Rose Cohen [having escaped the fire and made her way home] sobbed herself to sleep on her bed in the dark bedroom of a long railroad flat on Lewis Street. No one was home when she arrived.
In her sleep she heard shouting and opened her eyes to the darkness. Down the long line of rooms, in the kitchen, her cousin Harry was shouting and crying. He had made the rounds, looking for Rose and had been unable to find her. He feared the worst had happened.
"My mother asked him what had happened. He began to tell her about the fire. I got up from the bed and began the long walk to the kitchen, passing through one room after another as in a dream. Finally, I stood in the kitchen doorway, supporting myself by holding onto the door frame. Then everything broke apart. My mother took one look at me and collapsed to the floor. I began to cry and scream hysterically.
"I couldn't stop crying for hours, for days," says Rose. "Afterwards, I used to dream I was falling from a window, screaming. I remember I would holler to my mother in the dark, waking everybody up, 'Mama! I just jumped out of a window!' Then I would start crying and I couldn't stop."
See documents: My First Job by Rose Cohen.
Isidore Wegodner escaped down the Greene Street stairs from the ninth floor, where he and his father had come to work four months earlier as sleeve setters. He was near that exit when he heard the first cry of fire and had no difficulty reaching the street.
But unaware of the extent of the disaster, he had left his father behind. Only when he emerged into the body-littered street did he realize what was happening. The firemen stopped him when he tried to rush back into the building.
They wouldn't even let him cross the street to look among the dead, and he began to cry softly, certain his father lay among them. He moved away, looking into other faces and asking for his father. He spoke only Yiddish, therefore only dimly perceived that there was something called a morgue to which the dead were to be taken.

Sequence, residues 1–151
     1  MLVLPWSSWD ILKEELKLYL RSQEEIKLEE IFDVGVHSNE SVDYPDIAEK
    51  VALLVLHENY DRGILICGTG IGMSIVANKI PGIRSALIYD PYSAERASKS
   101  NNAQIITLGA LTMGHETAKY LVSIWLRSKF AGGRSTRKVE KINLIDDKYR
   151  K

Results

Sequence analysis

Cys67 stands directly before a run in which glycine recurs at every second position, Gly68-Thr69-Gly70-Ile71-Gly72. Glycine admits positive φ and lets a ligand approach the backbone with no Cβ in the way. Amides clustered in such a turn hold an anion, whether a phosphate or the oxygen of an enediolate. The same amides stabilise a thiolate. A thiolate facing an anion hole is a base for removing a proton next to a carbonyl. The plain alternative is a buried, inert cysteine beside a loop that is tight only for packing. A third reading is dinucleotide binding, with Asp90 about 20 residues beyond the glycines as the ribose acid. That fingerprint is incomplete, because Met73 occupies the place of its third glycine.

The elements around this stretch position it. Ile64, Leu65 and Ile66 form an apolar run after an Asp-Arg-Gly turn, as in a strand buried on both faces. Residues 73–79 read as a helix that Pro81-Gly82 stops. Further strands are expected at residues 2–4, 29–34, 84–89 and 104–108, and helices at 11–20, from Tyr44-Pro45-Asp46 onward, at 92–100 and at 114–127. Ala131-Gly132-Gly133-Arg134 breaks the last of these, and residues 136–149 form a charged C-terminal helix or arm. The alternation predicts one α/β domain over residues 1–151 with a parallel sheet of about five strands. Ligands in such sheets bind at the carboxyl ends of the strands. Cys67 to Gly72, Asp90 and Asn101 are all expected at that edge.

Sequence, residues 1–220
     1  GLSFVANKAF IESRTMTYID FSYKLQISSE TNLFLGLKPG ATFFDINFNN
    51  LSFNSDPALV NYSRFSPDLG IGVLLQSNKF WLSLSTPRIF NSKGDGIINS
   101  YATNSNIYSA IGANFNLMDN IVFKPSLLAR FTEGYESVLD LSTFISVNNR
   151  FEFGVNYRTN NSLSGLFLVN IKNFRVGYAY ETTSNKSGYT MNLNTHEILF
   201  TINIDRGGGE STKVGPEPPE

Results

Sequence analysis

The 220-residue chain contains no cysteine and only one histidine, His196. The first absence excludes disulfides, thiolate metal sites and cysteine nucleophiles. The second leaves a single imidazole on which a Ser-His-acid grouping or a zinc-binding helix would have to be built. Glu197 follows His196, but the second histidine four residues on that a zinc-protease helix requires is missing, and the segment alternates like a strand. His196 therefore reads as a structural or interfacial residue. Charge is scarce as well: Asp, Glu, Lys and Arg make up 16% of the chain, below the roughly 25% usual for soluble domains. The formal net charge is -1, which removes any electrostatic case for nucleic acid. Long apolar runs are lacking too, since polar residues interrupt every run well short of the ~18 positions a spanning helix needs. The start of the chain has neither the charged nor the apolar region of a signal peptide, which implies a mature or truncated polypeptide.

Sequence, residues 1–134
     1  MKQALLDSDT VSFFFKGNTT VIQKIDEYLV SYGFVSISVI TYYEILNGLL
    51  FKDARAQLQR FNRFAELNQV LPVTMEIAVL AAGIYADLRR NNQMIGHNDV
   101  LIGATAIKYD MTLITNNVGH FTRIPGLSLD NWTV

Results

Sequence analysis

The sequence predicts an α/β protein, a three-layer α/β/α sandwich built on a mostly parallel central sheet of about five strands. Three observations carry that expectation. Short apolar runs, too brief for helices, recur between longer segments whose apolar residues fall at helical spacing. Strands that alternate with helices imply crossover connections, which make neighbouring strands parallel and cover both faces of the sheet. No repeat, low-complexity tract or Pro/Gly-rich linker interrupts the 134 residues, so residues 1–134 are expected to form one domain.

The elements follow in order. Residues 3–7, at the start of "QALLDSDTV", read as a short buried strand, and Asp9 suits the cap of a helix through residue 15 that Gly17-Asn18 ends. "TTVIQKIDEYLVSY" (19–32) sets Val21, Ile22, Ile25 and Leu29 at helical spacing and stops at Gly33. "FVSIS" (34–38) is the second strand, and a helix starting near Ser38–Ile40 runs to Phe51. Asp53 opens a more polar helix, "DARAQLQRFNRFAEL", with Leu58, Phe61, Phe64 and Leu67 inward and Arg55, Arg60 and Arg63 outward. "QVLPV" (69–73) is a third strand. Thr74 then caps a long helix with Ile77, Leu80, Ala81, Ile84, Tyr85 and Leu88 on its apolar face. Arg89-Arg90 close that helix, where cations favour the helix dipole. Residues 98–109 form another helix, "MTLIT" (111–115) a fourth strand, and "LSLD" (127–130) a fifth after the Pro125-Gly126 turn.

Suddenly his young heart was lifted by the thought that perhaps his father was seeking him even as he was searching for the old man and that not having found him he had gone home in the expectation of finding him there.
Isidore ran to the Third Avenue elevated, then ran all the way from the 116th Street station to his sixth-floor home on 119th Street. His father was not there, and when he turned to go down to the street, he lied to his unknowing mother, telling her he had forgotten to buy the old man his newspaper.
In the street, he ran again, determined to return to Washington Place and to find out where this thing called a morgue was located. He missed a train by seconds and stood on the platform breathing hard, watching another pull in on the opposite platform.
"I saw him come out of the train, my dear father who was a quiet man, a dignified man. He looked battered. His pants were torn and in places his flesh showed through. His hat was gone, his face was dirty and bloody. On top of it all he wore a fancy, clean jacket that someone had thrown around his shoulders because his shirt had been ripped off. He stood on the platform dazed and the people walked around him.
"I remember," says Isidore Wegodner, "how with my last strength I shouted to him, how I went tearing over the little bridge that connected the two platforms, how we fell into each other's arms and how the people stopped to look while sobbing he embraced me and kissed me."
Leon Stein, ed., Out of the Sweatshop: The Struggle for Industrial Democracy (New York: Quadrangle/New Times Book Company, 1977), pp. 193-194
The Kheel Center would like to thank Mrs. Miriam Stein and Barbara Ismail for granting permission to use selections from the late Leon Stein's book.